Over three billion people in the world live on less than $2.50 a day, some 2.6 billion lack basic sanitation, and more than one billion have inadequate access to water. In the fight against poverty, social entrepreneurs are providing the poor with beneficial services and products, while creating better livelihood opportunities.
But while social entrepreneurs are trying to change the world to a better place, not many have succeeded in addressing the problems they are trying to solve. If you study social enterprise in the world, you will notice that only a few have achieved significant scale.
The problem is that social entrepreneurs are usually carrying their business in an environment that does not support them. For example, take the value chain barriers that face businesses trying to deliver innovative and life-saving drugs to the rural poor. While people in rural areas might want and be able to afford these drugs, logistics providers might not be there to deliver these products to their villages.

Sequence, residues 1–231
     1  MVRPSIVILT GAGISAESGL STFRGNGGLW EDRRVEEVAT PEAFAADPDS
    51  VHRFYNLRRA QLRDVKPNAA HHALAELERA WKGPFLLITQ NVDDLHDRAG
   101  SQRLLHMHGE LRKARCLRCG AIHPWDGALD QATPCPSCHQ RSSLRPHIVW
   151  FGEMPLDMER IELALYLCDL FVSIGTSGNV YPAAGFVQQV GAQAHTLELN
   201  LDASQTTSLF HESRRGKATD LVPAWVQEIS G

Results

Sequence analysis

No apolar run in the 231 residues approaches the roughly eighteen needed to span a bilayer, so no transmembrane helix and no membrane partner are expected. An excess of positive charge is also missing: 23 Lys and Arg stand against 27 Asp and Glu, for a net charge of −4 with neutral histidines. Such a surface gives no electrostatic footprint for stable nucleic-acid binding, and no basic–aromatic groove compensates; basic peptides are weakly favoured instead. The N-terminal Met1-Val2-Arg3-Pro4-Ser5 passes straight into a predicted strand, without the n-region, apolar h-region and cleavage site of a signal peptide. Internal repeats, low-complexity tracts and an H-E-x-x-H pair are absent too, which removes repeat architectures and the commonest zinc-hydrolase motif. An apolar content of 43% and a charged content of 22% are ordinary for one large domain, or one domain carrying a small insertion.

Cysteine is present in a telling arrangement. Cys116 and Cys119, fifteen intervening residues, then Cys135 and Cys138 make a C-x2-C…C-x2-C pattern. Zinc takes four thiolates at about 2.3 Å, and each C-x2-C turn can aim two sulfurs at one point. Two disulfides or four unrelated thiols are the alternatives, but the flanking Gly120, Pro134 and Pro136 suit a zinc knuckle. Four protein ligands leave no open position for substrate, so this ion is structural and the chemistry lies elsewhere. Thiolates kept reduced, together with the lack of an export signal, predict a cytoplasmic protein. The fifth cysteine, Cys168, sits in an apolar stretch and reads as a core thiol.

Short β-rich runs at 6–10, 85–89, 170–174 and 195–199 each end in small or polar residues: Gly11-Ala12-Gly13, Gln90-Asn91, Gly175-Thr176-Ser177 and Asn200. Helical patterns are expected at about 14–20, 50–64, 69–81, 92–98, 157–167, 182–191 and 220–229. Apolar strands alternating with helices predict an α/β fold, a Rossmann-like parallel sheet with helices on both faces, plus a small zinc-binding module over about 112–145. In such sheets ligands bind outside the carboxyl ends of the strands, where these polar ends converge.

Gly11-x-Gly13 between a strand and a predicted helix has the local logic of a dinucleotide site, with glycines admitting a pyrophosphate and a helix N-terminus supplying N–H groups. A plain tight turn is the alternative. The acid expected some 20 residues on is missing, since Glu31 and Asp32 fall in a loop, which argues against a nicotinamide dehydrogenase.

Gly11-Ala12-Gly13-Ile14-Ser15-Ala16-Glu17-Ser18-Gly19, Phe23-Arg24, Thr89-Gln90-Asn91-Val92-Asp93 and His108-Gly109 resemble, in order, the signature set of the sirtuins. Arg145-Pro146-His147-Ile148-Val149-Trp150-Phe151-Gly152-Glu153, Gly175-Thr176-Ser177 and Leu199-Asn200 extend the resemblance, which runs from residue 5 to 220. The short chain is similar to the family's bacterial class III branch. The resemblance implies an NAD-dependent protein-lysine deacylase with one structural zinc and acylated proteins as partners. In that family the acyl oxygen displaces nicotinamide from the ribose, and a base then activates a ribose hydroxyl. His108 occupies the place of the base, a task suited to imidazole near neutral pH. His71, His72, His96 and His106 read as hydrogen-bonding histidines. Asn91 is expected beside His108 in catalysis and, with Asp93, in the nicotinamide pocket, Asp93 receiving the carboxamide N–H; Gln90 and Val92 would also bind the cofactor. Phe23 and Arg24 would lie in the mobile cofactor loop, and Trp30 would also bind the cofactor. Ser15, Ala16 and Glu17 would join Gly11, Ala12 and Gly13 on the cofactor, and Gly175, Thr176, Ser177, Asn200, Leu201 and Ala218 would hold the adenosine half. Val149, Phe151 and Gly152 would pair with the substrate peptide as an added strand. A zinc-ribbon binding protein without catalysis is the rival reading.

The journey to successful social entrepreneurship is characterized by frustration and struggle. Only a few social entrepreneurs are successful and have been, therefore, able to improve the lives of millions of people.
Can social entrepreneurs really held end poverty? My view is that they can make an impressive contribution, but only if e support them.